on Jan 19, 2015 at 4:02 pm

LifeasaRealParent,

"Board abdicates accountability to Super, who abdicates to site Principals, who abdicates to teachers who take no responsibility."

This is true.

Say homework is never reigned in, ever. The surveys can say what they want. The formula of "everyone out for themselves" continues.

I think where the schools may be going with homework issue is that the problem is not the homework it's the parents who don't make the kids finish it on time. The parents are failing their kids and they are also depriving them of sleep. When the survey is answered that some kids are taking 3 hours to do homework, and others can do it in 1 hour, that means parents must not be controlling screen time.

The parents who have the kids who can "do it all" keep saying, this works for us! But even they admit, not much time was left over.

Anyway, the resulting stress and anxiety of getting homework just right needs to be addressed. The stress and anxiety (irrespective of whose fault it is) is unhealthy. While the game of ping pong continues about school's fault or parent's fault, there is one way to solve this problem fairly quickly.

Have homework not count in grades, AT ALL. For one year try it. Very clearly define what is classwork, what is homework, and grades comply with classwork only. Didn't cover it in class? Foul.

Give students some rights, some power to make choices that are not all high stakes.

Teachers control the classroom, parents control home, time to let students control homework. But because they are 15, not CEO's or babies, forget about controlling their time. Let them be accountable only for what is done in school, don't grade them for what they do at home, and let them choose how they perform overall.


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Posted by LifeAsARealParent
a resident of Palo Alto High School
on Jan 19, 2015 at 5:45 pm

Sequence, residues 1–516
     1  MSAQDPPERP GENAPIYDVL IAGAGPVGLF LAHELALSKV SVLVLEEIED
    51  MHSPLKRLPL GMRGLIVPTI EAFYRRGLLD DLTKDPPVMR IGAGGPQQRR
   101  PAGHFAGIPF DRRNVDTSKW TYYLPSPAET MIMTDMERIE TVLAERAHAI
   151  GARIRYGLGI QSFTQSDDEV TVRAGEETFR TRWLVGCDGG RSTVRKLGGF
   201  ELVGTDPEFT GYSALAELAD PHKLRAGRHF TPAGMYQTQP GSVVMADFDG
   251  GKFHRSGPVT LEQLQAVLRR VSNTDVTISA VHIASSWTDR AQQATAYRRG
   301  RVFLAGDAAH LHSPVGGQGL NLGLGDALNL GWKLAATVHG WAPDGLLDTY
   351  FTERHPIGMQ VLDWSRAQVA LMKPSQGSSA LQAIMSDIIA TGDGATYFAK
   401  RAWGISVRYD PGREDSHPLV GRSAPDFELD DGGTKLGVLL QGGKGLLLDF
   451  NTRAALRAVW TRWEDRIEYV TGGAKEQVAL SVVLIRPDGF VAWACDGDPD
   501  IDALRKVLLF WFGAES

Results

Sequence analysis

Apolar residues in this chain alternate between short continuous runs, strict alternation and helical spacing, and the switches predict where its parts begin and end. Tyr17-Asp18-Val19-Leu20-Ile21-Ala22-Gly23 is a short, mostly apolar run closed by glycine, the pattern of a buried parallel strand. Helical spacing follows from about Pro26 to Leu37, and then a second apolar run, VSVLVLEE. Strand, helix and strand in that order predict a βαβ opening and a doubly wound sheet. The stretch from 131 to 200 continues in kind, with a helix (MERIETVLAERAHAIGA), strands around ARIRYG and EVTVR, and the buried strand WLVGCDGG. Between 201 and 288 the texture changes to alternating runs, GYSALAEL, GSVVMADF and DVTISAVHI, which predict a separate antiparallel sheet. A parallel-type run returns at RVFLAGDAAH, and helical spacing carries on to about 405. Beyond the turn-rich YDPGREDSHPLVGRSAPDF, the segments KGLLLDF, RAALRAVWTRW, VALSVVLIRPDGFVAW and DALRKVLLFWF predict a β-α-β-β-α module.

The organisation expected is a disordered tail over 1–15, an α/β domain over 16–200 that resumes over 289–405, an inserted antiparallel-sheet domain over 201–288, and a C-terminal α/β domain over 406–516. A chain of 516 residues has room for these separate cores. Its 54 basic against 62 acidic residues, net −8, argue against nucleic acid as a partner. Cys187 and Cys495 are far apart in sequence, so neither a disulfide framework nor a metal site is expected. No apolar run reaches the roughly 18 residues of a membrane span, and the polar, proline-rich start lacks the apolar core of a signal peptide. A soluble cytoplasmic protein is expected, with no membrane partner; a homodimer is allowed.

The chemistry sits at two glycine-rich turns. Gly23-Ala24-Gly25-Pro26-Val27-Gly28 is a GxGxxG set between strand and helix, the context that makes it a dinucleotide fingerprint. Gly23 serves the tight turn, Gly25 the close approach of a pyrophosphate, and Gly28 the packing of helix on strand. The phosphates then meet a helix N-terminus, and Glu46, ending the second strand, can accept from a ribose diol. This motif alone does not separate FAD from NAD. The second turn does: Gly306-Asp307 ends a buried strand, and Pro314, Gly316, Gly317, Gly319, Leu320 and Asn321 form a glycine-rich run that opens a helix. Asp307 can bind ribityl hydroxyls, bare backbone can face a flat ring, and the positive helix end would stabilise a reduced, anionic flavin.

@15 - I agree with most of what you write.

My personal preference is for homework (all of it, including projects and papers which are sometimes counted outside homework) should be 5% - 10% of my kids grade. There should be some skin in the game, but it has to allow for redemption if something goes wrong.

A little homework, a few points. Might be okay.


Far different than today's system where learning is exported to the home en mass; much new material must be self-taught (or tutors or parent-taught), homework and papers/projects are 25 - 50% of the grade and punitive measures are used to enforce obedience. (Late=Zero)

Classroom time is devolving into a place for presenting, pressuring, and performance sorting. It's becoming a place to get tested , and to get your next homework assignment.

I wish we could call ' foul !' when assignments aren't covered in class. Just last semester a teacher assigned an English paper without covering the literary elements needed as part of the assignment. Even when he was called to task on failing to teach this, his response was: oh well, I guess you'll just have to figure it out. No accountability. He didn't get a zero, but he is happy to hand them out!

[Portion removed.]


1 person likes this
Posted by DataAnalysis101
a resident of Community Center
on Jan 19, 2015 at 5:53 pm

@ Life -

I would fall over in shock if the Principal of Paly sent an email to Students and Parents stating:" Effective tomorrow, we are going to teach before we assign. If you receive homework that was not covered in class, please email me immediately, and I will champion your case. I will talk to the teacher, and get this fixed immediately. Please do NOT waste any more time on poorly formed homework. Get some sleep. I've got your back."


Because I agree with you. They don't have the students back. The schools are complicit in the dysfunction, and their success depends upon student self-teaching and excess student labor and stress.